Wednesday, April 4

Little Photography Tip: Struggles with Shady Portraits

I took some pictures of my dad and the boys hanging out in their new clubhouse this weekend. 
They were really enjoying a good game of "I Spy" and the cool shade. 

I wanted to capture the fun, but my camera kept exposing the sky correctly at the cost of everyone's faces. Nice sky, dark faces. 
Ever had it happen!? Frustrating!

I'd like to show you an example of it, but I deleted all the bad ones not realizing I'd want to share them with you later! Dur.

But can you see how well their faces are exposed after a little camera tweaking? Sky in the back is burnt out, but the faces are beautiful. 

Note: I'm also using open shade here, which is a whole other topic worth reading up on. Here's a great link: Using Open Shade. Check it out!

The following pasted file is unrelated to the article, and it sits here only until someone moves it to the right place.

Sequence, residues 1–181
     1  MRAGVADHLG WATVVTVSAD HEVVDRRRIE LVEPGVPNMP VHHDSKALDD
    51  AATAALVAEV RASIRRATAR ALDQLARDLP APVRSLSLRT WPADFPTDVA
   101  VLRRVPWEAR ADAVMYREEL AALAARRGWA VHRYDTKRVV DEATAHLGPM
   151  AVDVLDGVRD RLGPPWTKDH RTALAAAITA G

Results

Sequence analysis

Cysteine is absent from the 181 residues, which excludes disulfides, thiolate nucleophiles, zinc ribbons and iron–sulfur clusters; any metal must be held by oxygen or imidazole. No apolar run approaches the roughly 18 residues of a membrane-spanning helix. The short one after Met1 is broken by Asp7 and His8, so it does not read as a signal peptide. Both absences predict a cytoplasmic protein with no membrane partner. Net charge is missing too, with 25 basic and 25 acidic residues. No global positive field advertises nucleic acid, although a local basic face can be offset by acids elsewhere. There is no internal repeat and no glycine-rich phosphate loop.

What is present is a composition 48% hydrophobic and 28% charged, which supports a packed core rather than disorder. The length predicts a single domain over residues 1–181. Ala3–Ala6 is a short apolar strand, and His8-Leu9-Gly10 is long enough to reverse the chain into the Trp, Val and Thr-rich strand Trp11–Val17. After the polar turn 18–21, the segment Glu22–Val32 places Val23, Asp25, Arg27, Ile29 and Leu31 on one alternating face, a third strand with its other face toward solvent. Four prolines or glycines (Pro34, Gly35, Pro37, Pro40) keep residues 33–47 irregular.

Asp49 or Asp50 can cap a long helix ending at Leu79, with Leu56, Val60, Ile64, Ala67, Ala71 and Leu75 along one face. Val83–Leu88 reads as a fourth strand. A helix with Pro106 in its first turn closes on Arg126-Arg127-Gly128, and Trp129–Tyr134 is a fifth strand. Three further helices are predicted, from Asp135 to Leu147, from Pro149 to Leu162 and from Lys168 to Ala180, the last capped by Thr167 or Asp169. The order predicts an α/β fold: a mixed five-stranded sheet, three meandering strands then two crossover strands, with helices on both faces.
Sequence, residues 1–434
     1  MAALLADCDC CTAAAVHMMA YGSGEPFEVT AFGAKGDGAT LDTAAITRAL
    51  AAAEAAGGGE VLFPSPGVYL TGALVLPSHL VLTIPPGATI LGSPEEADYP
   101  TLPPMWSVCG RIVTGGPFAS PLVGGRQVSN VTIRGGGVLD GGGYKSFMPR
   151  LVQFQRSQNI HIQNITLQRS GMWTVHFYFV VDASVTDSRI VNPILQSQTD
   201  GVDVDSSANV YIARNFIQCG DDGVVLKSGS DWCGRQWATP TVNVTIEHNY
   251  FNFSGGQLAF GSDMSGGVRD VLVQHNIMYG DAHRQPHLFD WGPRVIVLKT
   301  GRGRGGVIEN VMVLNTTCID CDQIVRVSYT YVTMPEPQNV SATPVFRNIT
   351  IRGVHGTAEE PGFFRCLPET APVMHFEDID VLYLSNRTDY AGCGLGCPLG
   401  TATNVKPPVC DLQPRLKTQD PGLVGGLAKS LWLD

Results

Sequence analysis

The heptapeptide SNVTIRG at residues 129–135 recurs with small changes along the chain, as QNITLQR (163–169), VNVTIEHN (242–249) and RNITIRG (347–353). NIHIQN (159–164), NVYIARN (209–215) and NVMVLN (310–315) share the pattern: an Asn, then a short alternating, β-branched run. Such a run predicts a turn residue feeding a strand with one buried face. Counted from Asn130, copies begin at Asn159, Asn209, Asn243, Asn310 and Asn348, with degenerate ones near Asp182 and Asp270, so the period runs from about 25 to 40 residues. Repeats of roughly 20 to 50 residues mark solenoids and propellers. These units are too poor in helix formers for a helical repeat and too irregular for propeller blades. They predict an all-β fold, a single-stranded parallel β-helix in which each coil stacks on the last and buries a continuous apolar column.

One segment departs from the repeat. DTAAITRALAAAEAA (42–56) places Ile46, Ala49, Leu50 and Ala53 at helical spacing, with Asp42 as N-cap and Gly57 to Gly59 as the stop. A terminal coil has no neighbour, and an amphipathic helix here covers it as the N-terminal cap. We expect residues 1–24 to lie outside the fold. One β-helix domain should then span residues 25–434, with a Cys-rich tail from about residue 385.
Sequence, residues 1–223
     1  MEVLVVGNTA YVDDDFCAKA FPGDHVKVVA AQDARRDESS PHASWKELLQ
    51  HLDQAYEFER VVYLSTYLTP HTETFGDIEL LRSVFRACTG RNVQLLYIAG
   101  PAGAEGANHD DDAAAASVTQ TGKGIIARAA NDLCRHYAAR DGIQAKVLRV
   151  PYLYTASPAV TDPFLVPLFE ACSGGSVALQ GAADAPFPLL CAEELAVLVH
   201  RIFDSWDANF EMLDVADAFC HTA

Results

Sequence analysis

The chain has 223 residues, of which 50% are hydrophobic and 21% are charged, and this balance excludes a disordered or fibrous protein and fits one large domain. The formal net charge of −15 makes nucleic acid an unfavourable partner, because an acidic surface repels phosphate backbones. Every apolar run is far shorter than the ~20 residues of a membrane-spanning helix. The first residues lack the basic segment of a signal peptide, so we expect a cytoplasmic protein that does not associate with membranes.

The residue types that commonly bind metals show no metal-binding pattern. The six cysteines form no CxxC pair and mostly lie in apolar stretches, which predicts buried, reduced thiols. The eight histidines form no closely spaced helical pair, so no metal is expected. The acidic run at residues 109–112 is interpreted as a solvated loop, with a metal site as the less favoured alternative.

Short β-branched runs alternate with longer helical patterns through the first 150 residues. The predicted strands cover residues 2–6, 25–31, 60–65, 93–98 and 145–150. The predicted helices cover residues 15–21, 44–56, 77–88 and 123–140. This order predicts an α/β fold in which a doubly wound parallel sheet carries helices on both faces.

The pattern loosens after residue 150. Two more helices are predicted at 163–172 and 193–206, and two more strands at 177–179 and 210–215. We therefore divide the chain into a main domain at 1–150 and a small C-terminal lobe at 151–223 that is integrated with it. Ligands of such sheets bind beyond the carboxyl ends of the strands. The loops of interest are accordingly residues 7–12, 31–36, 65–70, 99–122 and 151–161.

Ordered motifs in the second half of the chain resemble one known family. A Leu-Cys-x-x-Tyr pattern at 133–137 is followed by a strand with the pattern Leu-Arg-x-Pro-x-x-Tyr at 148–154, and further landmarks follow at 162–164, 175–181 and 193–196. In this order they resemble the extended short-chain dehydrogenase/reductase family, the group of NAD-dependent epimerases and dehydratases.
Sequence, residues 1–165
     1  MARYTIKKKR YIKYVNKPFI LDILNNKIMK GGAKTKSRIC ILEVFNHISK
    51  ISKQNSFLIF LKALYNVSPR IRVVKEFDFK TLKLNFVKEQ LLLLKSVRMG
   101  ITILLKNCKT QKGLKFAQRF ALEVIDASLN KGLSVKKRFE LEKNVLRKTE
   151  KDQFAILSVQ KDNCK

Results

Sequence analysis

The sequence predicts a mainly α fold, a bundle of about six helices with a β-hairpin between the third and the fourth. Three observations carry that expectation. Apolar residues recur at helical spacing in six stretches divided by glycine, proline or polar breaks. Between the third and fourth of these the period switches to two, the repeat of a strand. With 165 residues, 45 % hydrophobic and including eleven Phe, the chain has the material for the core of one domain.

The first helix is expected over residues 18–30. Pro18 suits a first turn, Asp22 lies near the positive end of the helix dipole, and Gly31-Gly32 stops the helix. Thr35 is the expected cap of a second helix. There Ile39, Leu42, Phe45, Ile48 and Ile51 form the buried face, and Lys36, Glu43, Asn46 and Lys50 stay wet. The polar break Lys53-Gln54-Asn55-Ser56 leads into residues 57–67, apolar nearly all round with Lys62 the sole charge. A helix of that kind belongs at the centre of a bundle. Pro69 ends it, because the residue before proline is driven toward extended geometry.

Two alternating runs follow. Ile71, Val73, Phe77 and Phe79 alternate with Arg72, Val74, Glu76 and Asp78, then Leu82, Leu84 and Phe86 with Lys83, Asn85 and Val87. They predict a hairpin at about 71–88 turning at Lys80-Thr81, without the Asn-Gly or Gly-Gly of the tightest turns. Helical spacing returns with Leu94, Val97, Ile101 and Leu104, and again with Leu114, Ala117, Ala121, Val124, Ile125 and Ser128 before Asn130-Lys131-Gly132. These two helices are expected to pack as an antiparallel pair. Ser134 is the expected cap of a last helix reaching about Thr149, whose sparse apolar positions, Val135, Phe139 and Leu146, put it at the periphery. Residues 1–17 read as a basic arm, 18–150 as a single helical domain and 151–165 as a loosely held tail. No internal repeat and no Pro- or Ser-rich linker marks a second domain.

But back to metering! If your camera just isn't getting it on it's own, check your settings. 
Can you change the way your camera meters/checks light? 

My Nikon D3000's offers me "spot metering." Got anything like it:

 It will change your light meter from averaging the light over a large area, to taking a very precise metering on a small spot you chose (their eyes or face).  

Here's how to use it. Find your metering settings and change 'em up to spot metering.  In your viewfinder, you'll see your focus dot. Place that on the their eyes or face and press your shutter release button halfway down. Your camera will meter the light in that spot, but not take the picture.

Recompose your picture the way you'd like it to look/move people to where you want them in the frame. Holding the button half way still. The metering you took a second ago will still hold if you don't release your shutter button. 

Now, you've got it just right? 
Press the button all the way down. 

And Ta-da!

See how the sky is all blown out and my son's face is great!? 
Spot metering!

I don't advise using spot metering all the time, especially if your hairy hooligans are moving fast. Hard to pin them with this one. But great for slower portraits in the shade!

Happy photo-journaling, friends, in the great outdoors!

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